Hohenlohe Lab

University of Idaho
Nerita versicolor


Home


Lab members


Research


Publications


Courses


Software


Contact


Research in the Hohenlohe Lab addresses basic questions in evolutionary genetics and genomics from both theoretical and empirical perspectives, and also applies genomic tools to conservation of threatened species.

RADseq

Restriction-site Associated DNA sequencing (RADseq) is a powerful tool for using next-generation sequencing to scan across the genomes of scores to hundreds of individuals from natural populations.  The lab is involved both in using this technique to generate data, and in developing statistical and analytical tools for RADseq data.  Members of the lab are applying RADseq in collaborative projects involving threespine stickleback, cutthroat trout, disease-vector mosquitoes, wolves, Channel Island foxes, oak-wilt fungi, anoles, and cane toads.  The goals of these projects range from determining basic demographic features, like population size and phylogeography, to estimating patterns of genetic diversity, detecting selection and mapping behavioral and morphological traits.

F_ST plot

Experimental population genomics

The explosion of population genomic data from non-model organisms, made possible by techniques like RADseq, has outstripped our understanding of genomic evolution and our ability to make sense of the data.  To bridge this gap, we are combining experimental evolution in yeast with next-generation sequencing.  Here we can control population sizes, migration rates, strengths of selection, recombination rates, and amount and structure of standing genetic variation in replicated experiments, and observe the results of evolution at the genomic sequence level.  The goal is to improve our powers of inference about natural populations from population genomic data.

yeast plate

Conservation Genomics

Evolutionary genomic approaches have powerful applications to conservation of species and ecosystems.  We are collaborating with a number of researchers to improve techniques for developing large sets of genetic markers, assess phylogeographic structure, detect hybridization and introgression, and estimate patterns of genetic variation in natural populations.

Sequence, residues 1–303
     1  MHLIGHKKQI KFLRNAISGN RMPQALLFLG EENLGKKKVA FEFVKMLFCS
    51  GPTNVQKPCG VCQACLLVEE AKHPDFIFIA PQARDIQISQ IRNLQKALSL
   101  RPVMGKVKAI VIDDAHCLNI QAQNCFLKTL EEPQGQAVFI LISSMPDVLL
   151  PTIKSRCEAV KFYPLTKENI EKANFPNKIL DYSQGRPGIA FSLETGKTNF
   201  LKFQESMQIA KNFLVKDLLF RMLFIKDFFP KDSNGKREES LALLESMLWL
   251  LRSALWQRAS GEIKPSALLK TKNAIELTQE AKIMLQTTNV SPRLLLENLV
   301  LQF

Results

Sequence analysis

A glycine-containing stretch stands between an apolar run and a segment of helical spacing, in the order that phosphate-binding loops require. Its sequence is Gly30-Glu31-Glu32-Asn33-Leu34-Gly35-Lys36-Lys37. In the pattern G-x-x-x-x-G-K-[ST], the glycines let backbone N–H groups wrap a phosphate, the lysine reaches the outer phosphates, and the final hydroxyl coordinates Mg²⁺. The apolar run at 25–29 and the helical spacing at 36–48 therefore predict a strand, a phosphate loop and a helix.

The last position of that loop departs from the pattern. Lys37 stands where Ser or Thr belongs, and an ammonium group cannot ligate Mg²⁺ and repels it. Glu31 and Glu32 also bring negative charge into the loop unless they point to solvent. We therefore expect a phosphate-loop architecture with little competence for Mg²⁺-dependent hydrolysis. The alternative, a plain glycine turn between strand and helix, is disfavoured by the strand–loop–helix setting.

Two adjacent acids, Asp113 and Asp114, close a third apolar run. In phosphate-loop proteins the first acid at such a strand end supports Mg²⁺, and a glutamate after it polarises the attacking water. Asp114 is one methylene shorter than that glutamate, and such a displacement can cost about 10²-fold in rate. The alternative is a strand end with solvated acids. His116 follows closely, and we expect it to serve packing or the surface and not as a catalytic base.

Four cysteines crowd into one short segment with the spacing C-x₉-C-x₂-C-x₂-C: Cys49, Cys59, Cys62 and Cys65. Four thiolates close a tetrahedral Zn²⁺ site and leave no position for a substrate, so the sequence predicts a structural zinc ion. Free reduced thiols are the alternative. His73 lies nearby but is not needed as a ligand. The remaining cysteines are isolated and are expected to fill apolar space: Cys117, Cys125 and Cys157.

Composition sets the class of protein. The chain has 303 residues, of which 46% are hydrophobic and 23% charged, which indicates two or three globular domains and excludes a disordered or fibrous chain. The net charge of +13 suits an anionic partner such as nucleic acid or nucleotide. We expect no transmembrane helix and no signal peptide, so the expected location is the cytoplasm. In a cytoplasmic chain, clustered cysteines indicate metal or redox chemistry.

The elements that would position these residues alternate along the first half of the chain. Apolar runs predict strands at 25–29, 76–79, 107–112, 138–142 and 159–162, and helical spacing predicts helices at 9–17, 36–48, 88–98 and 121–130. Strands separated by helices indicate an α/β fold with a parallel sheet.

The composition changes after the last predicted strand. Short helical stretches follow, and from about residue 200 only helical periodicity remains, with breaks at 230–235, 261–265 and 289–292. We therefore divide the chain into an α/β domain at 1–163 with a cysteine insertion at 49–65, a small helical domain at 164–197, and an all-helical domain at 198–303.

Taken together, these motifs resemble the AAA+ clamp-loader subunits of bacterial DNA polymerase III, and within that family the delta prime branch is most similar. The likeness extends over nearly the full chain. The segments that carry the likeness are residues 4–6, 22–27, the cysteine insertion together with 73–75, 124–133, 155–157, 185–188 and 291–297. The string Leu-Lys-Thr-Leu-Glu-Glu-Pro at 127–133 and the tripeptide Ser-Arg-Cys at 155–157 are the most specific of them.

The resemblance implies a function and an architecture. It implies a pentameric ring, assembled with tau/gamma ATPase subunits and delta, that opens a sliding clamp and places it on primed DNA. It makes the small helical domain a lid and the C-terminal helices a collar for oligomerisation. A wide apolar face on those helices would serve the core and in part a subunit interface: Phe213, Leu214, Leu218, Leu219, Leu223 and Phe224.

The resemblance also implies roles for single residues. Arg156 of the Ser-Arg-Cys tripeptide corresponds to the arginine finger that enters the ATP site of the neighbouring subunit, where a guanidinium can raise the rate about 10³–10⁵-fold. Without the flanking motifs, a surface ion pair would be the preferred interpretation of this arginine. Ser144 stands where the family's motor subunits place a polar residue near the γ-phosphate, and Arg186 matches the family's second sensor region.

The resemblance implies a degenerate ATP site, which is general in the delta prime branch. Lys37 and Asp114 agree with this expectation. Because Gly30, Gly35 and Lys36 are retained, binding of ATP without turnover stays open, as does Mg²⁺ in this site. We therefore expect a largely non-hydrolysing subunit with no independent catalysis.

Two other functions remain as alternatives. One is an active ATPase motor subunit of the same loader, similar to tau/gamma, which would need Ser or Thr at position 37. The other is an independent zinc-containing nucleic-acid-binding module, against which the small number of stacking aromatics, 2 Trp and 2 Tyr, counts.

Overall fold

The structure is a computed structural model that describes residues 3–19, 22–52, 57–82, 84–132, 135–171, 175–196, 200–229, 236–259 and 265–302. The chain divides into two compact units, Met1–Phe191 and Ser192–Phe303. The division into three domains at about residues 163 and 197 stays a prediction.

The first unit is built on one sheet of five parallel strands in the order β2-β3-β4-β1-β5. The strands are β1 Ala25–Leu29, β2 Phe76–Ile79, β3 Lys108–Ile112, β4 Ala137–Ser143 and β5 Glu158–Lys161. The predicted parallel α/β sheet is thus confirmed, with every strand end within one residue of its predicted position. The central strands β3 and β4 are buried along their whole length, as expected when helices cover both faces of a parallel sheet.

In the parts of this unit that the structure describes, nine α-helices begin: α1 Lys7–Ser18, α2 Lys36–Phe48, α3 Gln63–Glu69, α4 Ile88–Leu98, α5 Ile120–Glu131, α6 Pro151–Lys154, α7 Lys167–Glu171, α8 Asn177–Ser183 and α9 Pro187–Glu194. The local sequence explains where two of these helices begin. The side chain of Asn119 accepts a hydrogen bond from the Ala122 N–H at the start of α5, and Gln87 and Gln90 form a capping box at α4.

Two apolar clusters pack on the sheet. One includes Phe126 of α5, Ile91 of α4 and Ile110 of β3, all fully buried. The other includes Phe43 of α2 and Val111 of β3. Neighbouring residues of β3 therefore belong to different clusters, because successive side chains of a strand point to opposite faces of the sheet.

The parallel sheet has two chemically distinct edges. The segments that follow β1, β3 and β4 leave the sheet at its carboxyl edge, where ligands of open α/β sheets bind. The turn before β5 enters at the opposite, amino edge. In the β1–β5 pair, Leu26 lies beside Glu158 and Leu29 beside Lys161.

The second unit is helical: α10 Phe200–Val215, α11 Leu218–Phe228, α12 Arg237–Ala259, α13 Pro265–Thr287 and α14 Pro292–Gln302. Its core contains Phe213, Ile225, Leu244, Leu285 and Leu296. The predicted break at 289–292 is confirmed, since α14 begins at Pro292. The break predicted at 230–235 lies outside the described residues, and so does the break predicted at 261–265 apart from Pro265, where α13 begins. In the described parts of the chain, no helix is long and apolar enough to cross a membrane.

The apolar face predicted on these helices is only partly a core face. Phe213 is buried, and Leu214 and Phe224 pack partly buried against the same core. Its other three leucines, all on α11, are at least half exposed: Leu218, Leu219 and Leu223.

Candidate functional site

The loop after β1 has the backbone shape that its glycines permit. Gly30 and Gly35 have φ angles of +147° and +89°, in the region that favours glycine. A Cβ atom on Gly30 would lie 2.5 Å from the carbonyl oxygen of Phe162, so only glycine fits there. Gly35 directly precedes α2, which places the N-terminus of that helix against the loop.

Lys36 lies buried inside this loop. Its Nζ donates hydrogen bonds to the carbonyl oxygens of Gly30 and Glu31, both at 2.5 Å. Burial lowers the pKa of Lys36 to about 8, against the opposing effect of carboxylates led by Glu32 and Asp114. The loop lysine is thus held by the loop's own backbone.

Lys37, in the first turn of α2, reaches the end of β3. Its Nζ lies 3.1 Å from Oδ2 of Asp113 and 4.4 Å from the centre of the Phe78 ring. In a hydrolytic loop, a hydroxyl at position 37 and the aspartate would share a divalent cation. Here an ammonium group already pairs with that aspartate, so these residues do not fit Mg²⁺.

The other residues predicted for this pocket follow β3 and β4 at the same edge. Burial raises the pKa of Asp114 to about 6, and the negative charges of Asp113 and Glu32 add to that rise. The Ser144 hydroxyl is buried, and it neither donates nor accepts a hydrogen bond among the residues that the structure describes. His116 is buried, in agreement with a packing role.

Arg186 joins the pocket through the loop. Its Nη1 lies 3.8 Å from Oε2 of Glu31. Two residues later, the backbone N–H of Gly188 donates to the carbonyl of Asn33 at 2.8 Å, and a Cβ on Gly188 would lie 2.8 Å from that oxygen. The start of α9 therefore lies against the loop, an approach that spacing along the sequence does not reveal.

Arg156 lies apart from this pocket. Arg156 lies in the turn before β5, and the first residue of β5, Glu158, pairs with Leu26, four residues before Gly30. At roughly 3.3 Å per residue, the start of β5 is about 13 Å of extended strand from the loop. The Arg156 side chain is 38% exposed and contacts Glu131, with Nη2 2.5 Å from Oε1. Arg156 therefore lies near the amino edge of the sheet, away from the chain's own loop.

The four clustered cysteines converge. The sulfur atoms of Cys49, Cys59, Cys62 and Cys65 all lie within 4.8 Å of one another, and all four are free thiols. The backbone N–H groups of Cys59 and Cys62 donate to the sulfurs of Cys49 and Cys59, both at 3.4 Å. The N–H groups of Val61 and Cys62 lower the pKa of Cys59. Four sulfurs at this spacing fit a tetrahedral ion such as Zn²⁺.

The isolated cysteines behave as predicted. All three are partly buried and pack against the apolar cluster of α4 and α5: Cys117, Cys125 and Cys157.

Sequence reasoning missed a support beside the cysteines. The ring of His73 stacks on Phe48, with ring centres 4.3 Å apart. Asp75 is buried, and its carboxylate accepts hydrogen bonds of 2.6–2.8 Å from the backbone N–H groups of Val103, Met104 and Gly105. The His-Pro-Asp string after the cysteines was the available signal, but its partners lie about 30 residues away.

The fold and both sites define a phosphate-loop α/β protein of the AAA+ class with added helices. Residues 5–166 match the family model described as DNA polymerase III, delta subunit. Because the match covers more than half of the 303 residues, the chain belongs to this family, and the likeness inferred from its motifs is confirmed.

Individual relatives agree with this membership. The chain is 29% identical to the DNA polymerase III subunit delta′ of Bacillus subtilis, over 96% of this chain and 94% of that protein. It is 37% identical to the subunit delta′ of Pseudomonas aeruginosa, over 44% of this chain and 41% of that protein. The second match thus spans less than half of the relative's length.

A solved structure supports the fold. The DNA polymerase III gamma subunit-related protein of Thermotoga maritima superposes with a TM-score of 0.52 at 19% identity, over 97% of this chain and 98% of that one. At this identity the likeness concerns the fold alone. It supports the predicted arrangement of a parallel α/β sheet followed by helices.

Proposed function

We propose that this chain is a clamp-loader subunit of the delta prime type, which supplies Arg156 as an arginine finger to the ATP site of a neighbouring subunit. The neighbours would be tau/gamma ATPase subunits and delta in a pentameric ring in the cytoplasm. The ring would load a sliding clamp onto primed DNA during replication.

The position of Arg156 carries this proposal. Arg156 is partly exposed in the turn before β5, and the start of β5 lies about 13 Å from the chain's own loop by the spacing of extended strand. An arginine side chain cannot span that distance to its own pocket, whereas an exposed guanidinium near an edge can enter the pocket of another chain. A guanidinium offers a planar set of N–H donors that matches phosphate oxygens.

In addition, we are collaborating on a genomic study of the evolution and epidemiology of Tasmanian devil facial tumor disease, a unique transmissible cancer, that poses a serious threat of extinction for this iconic species.  Our goal is to use RADseq and other genomic techniques to identify genetic variation in devil populations associated with disease progression, so that devil populations could potentially be managed using genomic techniques to reduce spread of the disease.

Thamnophis elegans

Evolutionary theory

Members of the lab are involved in several projects developing novel theory, analytical tools, or simulation approaches to understand evolutionary processes.  For example, we are studying the relationship between genetic regulatory networks and the structure of variation in complex multivariate phenotypes (i.e. the M and G matrices of quantitative genetics).  The long-term goal of this work is to link models of network evolution to specific regulatory networks in yeast, where we can empirically test the model predictions.  Second, we have developed a novel method for estimating the dimensionality of evolution that is widely applicable to mate choice and reproductive isolation, local adaptation, host-parasite coevolution, and other scenarios.

Curvature of phenotypic space



Collaborators

Fred Allendorf, University of Montana

Chris Funk, Colorado State University

Rodrigo Hamede, University of Tasmania

Menna Jones, University of Tasmania

Gordon Luikart, University of Montana

Hamish McCallum, Griffith University

Elizabeth Murchison, Cambridge University

Andrew Storfer, Washington State University

Barry Williams, Michigan State University

Center for Evolution and Cancer, University of California San Francisco


For research support, thanks to:


NSF    BEACON Center for the Study of Evolution in Action  
 NIH   Idaho INBRE

IBEST


© 2011 Paul Hohenlohe
Document made with Nvu